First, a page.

PARIS (AFP) - - French, US and German rights groups said Friday they had filed suit for "torture" against ex-US defence secretary Donald Rumsfeld, currently in Paris, for his role in the Iraq war and the US "war on terror".
Around 20 campaigners gave Rumsfeld a rowdy welcome as he arrived for a breakfast meeting in Paris, yelling "murderer", waving a banner and trying to push into the building, according to the organisers, a political magazine.
The International Federation of Human Rights (FIDH), the French League for Human Rights (LDH), the US Center for Constitutional Rights (CCR) and Germany's European Center for Constitutional and Human Rights (ECCHR) filed the joint suit before a Paris prosecutor on Thursday.
They accuse Rumsfeld of being "personally responsible for authorising and ordering the carrying out of acts of torture" in the Abu Ghraib jail in Iraq, and US base in Guantanamo, Cuba, during his time as defence secretary from 2001 to 2006, according to lawyer Patrick Baudouin.
"From the moment Donald Rumsfeld sets foot on French territory, he falls within French jurisdiction with regard to the 1984 New York convention against torture," said Baudouin.
The Paris state prosecutor's office said late Friday it had asked the French foreign ministry for details on whether Rumsfeld was immune from prosecution and whether he was still in the country.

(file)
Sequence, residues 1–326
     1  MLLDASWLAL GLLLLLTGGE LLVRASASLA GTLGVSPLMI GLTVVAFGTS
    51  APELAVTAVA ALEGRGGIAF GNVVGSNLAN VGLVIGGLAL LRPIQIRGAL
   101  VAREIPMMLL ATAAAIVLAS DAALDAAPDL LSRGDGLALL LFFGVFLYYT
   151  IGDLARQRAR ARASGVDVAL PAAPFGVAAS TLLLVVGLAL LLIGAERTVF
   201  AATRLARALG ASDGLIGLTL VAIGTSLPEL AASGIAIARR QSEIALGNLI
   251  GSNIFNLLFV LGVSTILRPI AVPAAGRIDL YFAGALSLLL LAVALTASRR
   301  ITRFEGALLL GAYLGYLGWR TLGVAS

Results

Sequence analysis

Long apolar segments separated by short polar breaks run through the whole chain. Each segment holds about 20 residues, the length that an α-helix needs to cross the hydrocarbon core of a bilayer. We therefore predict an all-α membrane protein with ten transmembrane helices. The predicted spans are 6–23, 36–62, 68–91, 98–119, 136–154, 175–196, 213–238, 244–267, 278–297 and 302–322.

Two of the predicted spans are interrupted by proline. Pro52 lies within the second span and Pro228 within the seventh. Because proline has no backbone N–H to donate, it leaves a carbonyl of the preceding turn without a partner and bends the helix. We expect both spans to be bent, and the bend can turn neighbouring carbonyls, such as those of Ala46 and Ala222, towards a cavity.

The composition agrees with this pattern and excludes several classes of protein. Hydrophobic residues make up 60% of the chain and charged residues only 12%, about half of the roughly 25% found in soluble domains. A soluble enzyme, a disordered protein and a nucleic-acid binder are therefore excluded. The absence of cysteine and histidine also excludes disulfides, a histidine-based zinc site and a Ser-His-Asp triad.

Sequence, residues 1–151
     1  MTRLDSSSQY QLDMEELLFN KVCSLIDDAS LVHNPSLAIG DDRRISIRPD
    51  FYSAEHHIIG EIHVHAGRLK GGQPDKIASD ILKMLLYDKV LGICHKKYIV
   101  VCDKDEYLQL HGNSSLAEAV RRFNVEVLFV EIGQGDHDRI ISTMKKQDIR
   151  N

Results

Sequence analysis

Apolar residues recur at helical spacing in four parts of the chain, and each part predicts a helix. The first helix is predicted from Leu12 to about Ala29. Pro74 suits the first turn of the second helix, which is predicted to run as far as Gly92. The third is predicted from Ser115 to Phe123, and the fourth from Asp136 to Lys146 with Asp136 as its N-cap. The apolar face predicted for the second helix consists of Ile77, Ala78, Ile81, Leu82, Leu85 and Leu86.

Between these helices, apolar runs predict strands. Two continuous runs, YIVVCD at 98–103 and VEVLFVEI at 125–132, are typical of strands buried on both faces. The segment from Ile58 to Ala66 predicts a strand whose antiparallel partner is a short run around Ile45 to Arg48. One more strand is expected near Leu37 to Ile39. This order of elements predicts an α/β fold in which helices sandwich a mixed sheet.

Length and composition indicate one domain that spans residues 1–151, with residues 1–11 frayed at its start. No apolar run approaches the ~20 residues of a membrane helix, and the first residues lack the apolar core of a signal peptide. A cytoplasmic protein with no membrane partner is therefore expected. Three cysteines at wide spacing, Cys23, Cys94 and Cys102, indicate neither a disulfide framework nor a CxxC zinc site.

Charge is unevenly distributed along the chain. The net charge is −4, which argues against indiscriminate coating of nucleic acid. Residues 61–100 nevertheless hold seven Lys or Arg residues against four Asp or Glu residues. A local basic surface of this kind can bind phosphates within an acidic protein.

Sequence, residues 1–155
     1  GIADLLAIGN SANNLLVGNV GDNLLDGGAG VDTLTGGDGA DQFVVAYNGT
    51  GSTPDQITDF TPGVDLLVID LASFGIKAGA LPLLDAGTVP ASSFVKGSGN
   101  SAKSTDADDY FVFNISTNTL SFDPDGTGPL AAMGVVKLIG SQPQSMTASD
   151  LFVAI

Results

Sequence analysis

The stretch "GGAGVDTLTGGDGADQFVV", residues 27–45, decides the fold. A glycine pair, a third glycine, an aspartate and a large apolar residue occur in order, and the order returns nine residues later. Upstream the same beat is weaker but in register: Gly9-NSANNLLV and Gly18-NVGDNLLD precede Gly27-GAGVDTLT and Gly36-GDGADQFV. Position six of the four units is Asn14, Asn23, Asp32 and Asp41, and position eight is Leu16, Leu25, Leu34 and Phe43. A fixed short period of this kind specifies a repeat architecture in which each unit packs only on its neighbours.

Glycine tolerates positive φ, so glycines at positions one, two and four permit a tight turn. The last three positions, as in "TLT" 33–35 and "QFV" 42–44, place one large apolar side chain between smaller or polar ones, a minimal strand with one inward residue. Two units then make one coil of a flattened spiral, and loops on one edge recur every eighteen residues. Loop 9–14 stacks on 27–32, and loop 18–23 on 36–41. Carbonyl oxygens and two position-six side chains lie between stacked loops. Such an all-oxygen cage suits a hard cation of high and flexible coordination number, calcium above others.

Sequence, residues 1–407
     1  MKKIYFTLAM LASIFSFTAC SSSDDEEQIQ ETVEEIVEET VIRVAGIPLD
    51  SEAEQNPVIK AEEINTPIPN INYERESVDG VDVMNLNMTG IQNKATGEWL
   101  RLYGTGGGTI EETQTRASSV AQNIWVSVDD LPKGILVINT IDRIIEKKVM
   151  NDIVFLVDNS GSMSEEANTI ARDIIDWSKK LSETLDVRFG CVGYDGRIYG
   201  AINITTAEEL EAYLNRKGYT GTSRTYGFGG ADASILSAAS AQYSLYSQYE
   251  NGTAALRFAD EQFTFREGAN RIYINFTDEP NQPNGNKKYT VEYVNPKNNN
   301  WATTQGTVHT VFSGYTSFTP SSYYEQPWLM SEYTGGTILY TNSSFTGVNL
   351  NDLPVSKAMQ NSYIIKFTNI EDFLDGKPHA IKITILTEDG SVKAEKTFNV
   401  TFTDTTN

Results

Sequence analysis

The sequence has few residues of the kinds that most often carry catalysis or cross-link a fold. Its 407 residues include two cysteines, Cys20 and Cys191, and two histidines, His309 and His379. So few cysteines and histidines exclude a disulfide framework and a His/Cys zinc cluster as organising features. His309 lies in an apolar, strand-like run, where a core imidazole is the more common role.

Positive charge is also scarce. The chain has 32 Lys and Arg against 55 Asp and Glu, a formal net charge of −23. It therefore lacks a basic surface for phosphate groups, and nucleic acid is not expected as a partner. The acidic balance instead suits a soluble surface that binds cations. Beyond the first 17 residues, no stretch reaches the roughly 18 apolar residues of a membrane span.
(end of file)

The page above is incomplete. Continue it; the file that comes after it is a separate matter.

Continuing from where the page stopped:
"France is under the obligation to investigate and prosecute Rumsfeld's accountability for crimes of torture in Guantanamo and Iraq," FIDH president Souhayr Belhassen said in a statement.
"France has no choice but to open an investigation if an alleged torturer is on its territory. ... We call on France to refuse to be a safe haven for criminals."
The rights groups notably cite three memorandums signed by Rumsfeld between October 2002 and April 2003 "legimitising the use of torture" including the "hooding" of detainees, sleep deprivation and the use of dogs.
Five previous torture suits have been filed against the former US defence chief: two in Germany, one in Argentina, one in Sweden and one in Spain, the FIDH statement said.
Rumsfeld's agenda during the rest of his stay in Paris was kept under wraps for security reasons.